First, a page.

Kentucky expands effort to make sure kids are ready for kindergarten; gets $1.4 million boost

'We don't want it to be just babysitting'

EDGEWOOD, Ky. – When Patsy Carter heard about a program at Caywood Elementary that could help her prepare her four-year-old daughter for kindergarten, she and her husband resolved to go just once.

But after the Erlanger couple and their children sat down to a community dinner followed by separate sessions for parents and kids, they were hooked.

"We were just going to come for the first night, but the kids made sure we came back a second time," she said. "It's nice. You don't feel alone, like you're the only one going through whatever challenges a preschooler with too much energy brings."

Carter, an Erlanger resident with two daughters, 10 and 4, ended up completing the six-part program that has helped give her and her husband big and small tips on ways to convert everyday interaction into learning opportunities.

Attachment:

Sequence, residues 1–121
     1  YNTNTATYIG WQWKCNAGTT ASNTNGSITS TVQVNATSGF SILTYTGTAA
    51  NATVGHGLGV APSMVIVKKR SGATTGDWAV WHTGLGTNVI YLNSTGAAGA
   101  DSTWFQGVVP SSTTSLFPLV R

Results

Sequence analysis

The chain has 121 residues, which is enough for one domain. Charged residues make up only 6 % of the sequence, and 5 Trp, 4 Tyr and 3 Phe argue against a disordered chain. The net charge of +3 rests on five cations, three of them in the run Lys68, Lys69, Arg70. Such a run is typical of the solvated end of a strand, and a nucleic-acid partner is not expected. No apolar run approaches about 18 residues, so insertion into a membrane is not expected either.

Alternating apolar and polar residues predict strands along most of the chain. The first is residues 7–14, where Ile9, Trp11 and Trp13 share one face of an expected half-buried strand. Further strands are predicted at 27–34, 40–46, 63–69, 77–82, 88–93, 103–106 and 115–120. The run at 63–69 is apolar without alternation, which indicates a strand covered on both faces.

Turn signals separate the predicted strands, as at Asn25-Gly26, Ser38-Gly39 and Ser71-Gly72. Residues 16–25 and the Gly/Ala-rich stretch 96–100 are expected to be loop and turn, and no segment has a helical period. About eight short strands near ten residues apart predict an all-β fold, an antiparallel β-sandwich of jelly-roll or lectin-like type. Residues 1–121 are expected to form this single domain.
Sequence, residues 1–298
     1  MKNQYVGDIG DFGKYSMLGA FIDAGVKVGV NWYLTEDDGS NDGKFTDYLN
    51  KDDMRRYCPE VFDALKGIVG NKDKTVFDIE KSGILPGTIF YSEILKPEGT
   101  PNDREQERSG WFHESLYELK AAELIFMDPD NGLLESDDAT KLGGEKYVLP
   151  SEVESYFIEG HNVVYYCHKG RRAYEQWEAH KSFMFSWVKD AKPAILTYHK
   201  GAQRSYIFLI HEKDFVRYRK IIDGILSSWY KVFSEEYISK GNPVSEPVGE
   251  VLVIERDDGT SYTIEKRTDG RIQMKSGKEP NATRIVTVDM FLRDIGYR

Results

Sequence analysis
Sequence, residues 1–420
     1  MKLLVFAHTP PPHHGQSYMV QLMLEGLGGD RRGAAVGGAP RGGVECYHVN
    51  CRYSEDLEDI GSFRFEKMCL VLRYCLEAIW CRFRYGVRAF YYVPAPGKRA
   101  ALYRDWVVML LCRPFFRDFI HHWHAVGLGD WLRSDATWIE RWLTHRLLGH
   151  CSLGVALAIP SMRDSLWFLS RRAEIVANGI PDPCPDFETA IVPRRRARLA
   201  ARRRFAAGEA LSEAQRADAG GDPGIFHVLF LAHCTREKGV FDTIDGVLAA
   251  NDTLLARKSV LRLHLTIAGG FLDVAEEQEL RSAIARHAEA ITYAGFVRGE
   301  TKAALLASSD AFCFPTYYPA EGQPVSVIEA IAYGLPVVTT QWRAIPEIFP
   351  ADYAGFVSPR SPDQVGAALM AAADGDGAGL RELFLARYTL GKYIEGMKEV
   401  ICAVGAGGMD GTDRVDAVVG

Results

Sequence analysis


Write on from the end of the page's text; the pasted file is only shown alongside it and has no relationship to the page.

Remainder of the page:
The program is called Bornlearning, which was created by Northern Kentucky University, United Way, and a workshop model developed by Tim Hanner, retired Kenton County school superintendent, to help parents of pre-kindergarten children engage them in educational and healthy ways.

An ever-growing avalanche of research indicates that kids have a much smoother path to academic and career success if they start kindergarten with essentials like getting along with other kids, knowing their colors and being familiar with the alphabet.

"For Northern Kentucky, Bornlearning is one of our key kindergarten-ready strategies," said Amy Neal, Northern Kentucky Success by Six manager.

The program has been so successful that Gov. Steve Beshear has dedicated another $1.4 million to expanding it into 150 more schools over the next four years.

The straightforward idea behind the program is to invite parents of pre-kindergarten children to participate in six, two-hour evening programs. The first portion of each night is a family dinner, where parents, children, educators and volunteers mix and eat.